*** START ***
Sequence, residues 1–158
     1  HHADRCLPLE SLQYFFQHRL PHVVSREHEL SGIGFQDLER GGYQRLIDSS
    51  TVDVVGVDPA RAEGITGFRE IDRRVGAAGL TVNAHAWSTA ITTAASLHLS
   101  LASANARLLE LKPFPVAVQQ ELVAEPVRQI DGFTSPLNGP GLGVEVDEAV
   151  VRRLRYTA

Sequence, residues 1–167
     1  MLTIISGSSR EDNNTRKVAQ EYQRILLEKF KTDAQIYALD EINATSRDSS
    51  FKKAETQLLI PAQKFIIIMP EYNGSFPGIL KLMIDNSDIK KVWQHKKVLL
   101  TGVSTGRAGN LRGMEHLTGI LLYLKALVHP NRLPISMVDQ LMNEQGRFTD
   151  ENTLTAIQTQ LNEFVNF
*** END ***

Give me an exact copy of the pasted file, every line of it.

Sequence, residues 1–158
     1  HHADRCLPLE SLQYFFQHRL PHVVSREHEL SGIGFQDLER GGYQRLIDSS
    51  TVDVVGVDPA RAEGITGFRE IDRRVGAAGL TVNAHAWSTA ITTAASLHLS
   101  LASANARLLE LKPFPVAVQQ ELVAEPVRQI DGFTSPLNGP GLGVEVDEAV
   151  VRRLRYTA

Sequence, residues 1–167
     1  MLTIISGSSR EDNNTRKVAQ EYQRILLEKF KTDAQIYALD EINATSRDSS
    51  FKKAETQLLI PAQKFIIIMP EYNGSFPGIL KLMIDNSDIK KVWQHKKVLL
   101  TGVSTGRAGN LRGMEHLTGI LLYLKALVHP NRLPISMVDQ LMNEQGRFTD
   151  ENTLTAIQTQ LNEFVNF